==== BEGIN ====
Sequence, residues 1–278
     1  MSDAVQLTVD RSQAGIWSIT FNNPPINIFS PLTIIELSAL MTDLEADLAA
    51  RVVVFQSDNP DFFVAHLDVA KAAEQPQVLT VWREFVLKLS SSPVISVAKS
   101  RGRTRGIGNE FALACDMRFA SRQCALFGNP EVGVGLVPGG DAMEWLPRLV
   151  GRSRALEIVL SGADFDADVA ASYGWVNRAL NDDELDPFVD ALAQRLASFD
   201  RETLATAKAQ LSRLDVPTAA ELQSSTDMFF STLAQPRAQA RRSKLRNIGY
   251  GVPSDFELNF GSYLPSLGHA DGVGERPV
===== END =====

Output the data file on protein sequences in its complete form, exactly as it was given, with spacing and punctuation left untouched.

Sequence, residues 1–278
     1  MSDAVQLTVD RSQAGIWSIT FNNPPINIFS PLTIIELSAL MTDLEADLAA
    51  RVVVFQSDNP DFFVAHLDVA KAAEQPQVLT VWREFVLKLS SSPVISVAKS
   101  RGRTRGIGNE FALACDMRFA SRQCALFGNP EVGVGLVPGG DAMEWLPRLV
   151  GRSRALEIVL SGADFDADVA ASYGWVNRAL NDDELDPFVD ALAQRLASFD
   201  RETLATAKAQ LSRLDVPTAA ELQSSTDMFF STLAQPRAQA RRSKLRNIGY
   251  GVPSDFELNF GSYLPSLGHA DGVGERPV